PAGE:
Archbishop of Canterbury Justin Welby has affirmed Ben Quash’s book Abiding for his Lent 2013 book:
The book, ‘Abiding’ by Ben Quash, considers what the concept of ‘abiding’ means for Christian prayer and devotion. The word was used by Jesus to describe the Good Shepherd who did not abandon his flock, and Quash argues that the sense of full personal commitment which abiding carries can be key in understanding our relationships with God and within our churches. He draws on modern fiction, film and art as well as great figures from Christian tradition.
The book had been commissioned by the previous Archbishop of Canterbury, Dr Rowan Williams, who called it “…a large meditation in a small space…”, and it was supported enthusiastically by the current Archbishop, Justin Welby.
A letter from Welby:
I am deeply grateful to Ben Quash for writing this book and also to Archbishop Rowan for having the wisdom to invite him to do so. I gladly associate myself with it and welcome it as the first Archbishop of Canterbury’s Lent Book of my time in office.
Ben Quash’s encouragement to us to abide (with all the meaning that he enables us to give to that word) and his reminder that God abides with us shows us a way to intensify relationships so that they may be characterised by the peace of God, and indeed make that peace more real for us. We saw this when Jesus, from the cross, made a new relationship between his mother and his beloved disciple and so began the set of relationships we call Church. We see it wherever we stand alongside another in solidarity, especially if that solidarity is being carved out of enmity.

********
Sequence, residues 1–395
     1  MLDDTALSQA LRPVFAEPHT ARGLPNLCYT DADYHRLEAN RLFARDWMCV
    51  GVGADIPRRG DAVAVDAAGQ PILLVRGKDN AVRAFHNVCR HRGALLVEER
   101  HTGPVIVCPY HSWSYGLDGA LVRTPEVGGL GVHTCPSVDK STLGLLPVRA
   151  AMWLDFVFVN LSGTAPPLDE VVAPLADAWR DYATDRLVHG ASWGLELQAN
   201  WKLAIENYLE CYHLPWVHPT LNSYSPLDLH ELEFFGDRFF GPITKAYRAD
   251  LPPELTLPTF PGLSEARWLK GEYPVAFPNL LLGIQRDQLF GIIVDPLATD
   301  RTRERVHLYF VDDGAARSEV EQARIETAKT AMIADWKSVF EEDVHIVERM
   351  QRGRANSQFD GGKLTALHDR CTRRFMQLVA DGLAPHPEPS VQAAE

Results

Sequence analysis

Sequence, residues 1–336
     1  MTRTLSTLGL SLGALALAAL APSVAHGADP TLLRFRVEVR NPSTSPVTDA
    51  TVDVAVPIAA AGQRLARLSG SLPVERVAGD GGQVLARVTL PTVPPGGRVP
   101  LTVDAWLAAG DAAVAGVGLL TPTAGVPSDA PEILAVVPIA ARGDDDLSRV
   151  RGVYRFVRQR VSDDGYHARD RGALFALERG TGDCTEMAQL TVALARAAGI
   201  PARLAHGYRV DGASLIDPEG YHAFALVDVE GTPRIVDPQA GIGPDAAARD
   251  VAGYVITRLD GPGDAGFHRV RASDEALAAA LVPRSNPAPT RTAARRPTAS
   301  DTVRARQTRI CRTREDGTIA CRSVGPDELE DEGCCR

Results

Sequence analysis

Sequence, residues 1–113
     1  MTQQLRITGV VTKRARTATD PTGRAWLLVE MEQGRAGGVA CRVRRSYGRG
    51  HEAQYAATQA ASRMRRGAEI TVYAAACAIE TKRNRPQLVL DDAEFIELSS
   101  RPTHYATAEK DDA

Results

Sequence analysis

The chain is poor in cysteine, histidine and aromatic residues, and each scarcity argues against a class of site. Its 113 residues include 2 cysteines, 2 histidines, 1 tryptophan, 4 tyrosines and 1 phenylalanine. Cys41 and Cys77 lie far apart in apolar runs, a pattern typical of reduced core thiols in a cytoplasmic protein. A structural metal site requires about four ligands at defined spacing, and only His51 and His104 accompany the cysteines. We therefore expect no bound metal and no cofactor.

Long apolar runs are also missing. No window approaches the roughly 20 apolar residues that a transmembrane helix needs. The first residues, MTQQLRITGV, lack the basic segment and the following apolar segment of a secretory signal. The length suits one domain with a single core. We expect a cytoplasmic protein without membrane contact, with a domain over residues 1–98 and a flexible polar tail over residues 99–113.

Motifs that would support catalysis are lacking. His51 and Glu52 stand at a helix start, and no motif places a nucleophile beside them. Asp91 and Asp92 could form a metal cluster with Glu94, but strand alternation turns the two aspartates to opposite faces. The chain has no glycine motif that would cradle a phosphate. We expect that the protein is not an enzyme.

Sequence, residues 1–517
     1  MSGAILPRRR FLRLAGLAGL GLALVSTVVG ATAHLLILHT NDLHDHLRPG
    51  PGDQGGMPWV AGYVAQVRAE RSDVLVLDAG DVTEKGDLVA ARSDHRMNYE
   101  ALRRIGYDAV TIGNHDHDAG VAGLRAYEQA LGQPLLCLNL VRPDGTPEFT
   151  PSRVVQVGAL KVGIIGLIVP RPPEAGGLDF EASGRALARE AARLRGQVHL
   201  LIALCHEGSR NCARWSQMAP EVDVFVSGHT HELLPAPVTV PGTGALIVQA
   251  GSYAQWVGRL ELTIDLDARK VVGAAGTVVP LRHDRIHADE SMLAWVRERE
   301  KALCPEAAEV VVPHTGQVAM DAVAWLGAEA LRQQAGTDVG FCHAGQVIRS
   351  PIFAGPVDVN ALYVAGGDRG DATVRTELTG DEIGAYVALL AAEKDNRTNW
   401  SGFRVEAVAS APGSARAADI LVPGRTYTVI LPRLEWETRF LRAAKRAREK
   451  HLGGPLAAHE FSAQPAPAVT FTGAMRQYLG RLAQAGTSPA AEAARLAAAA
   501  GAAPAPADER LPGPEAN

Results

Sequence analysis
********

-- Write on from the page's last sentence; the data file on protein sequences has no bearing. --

I joyfully commend Ben Quash’s ‘Abiding’, and join my prayers with all who use it to accompany their Lenten journey.
How might habits of contemplative abiding help modern people to do what earlier users of the Bible once did – who knew instinctively how to find their way around the Bible, and in their theological imaginations to ‘roam freely through the Sacred Writ’? … The problem is not only how to open up the Bible to the biblically-illiterate. It is also how to wean those who feel themselves to be on good terms with the Bible from the view that they have it all taped.
This is because the idea that one is on top of something, and has mastery of it, can itself precisely have a distancing effect. The object of one’s supposed knowledge loses its power to surprise and transform; the moment it becomes commonplace, it becomes an instrument in our hands that we can pick up and put down at will. When we have used it for whatever purpose we wanted it for, we can hang it up in its regular place and walk off.
Paradoxically, then – for those who have some knowledge of the Bible already – the intensification process may need to begin with something that in one way or another makes the Bible more strange than it was before. Something valuable and liberating can happen when in encountering the Bible someone who supposed she knew what she was dealing with suddenly finds it a bit less familiar than it was. But (and this is the paradox) oddity can lead to intimacy. Through moments of de-familiarization, a better abiding can emerge. This is because one achieves a greater presence to an object or another… when one has set aside one’s preconceptions about them. One can be led to look harder by realizing the sheer otherness of something – the fact that it is not just an extension of oneself, one’s wishes and purposes. One can be sent back to it with new energy and interest.